Planning by Rosie Walsh

Rosie Walsh planning a novel with tea and chocolate cheesecake

Planning's a divisive issue. There's people who plot out their whole novel in advance. There's the ones who sit down with no idea at all. And there's a great sea of in-betweeners, who start with a vague beginning, middle and end and hope they'll be able to join the dots.

I've tried all of the above. All have driven me mad, in different ways, but the more books I write, the clearer it seems that good planning = good writing. Here's what I do. 

1. I sit down in a nice environment, ideally with something delicious and bad. As pictured. I free-write for about two pomodoros' worth of time, sketching out the main things I want to happen.

2. I then get out my post-it notes. Julie Cohen is the master of post-it planning. If you can get to one of her lectures on post-its (or indeed anything), go. I write vague scenes on post-it notes and stick them on a wall.  I colour-code, I move post-its around, I scribble over and replace them constantly. But before long, a whole story emerges. 

The first time I tried this approach I was astonished by how quickly I went from a one-sentence idea to a fully-planned novel. It took about three days. Previous methods - mostly involving complex plans of tens of thousands of words - have taken three weeks; sometimes three months. The economy of the post-it is the key to its success. And the portability.  IT'S BRILLIANT.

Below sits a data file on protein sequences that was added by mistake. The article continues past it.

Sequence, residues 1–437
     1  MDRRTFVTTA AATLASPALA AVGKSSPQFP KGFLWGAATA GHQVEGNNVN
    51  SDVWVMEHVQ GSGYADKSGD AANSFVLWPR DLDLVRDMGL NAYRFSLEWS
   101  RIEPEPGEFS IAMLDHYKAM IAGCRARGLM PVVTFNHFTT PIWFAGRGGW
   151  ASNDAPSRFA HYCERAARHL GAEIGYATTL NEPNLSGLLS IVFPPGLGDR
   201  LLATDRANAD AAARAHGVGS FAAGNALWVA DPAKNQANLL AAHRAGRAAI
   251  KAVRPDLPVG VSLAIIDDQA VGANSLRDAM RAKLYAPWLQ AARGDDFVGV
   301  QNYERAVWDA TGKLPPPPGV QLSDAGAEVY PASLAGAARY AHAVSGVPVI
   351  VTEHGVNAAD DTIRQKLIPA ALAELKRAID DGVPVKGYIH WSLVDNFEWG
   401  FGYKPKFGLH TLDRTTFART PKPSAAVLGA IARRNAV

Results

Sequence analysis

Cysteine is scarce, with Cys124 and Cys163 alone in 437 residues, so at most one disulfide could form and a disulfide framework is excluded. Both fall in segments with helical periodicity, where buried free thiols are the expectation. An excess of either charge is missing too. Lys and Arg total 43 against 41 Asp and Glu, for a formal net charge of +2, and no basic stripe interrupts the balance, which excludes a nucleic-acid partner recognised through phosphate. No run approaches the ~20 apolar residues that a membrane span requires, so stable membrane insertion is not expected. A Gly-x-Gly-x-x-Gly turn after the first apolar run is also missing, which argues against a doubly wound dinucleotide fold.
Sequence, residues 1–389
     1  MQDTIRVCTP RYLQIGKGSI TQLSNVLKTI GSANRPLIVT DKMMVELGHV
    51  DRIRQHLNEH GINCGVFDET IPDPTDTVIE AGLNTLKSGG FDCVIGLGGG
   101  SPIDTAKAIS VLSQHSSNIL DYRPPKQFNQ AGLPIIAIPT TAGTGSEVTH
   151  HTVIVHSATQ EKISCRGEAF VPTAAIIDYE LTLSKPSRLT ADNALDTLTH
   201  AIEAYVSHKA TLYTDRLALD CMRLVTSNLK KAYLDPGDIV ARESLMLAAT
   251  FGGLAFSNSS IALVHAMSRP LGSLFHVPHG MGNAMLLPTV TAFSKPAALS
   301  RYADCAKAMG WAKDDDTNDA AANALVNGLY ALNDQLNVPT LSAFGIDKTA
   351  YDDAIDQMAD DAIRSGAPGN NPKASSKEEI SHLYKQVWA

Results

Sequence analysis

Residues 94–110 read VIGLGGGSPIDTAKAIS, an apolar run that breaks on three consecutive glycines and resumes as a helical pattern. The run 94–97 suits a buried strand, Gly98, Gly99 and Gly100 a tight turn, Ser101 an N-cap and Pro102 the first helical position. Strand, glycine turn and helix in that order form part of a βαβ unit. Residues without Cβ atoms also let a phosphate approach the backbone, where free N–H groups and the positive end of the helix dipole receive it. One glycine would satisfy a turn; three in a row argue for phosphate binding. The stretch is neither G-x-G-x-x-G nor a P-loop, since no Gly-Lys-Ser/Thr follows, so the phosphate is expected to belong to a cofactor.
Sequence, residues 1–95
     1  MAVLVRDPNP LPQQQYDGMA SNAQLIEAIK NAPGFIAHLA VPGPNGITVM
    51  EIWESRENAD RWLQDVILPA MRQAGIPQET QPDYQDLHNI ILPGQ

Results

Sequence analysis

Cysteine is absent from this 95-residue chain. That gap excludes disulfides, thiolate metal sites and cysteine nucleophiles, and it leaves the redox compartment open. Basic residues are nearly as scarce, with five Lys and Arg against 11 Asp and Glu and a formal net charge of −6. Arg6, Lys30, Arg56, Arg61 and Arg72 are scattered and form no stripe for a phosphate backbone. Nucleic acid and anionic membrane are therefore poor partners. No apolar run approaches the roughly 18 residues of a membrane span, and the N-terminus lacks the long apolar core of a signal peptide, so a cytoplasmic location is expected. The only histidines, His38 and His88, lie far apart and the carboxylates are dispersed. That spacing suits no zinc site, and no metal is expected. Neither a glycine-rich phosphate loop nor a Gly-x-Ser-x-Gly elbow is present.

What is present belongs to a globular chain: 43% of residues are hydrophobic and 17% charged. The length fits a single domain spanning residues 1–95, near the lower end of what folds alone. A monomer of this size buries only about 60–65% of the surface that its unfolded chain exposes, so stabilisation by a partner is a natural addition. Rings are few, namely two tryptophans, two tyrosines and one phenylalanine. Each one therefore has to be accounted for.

3. Then I start writing the thing.

4. Needless to say, the book will take charge of itself after a certain time, and your post-its will need updating. When I'm about halfway through I turn my post-its into a table, in which a more detailed description of each scene is nested with dates, times of day; that sort of thing. I maintain this table right through to my final edit and I refer back to it constantly. It's particularly useful when my copy editor sends me a polite note telling me that one of my supporting cast has been pregnant for 2.5 years, or that three members of my supporting cast have the same name. 

5. I don't use Scrivener. Everyone tells me it will change my life - will damned nearly plan and write the book for me - but I find the whole thing slightly daunting. Maybe I'll get over this for my next book. Probably not.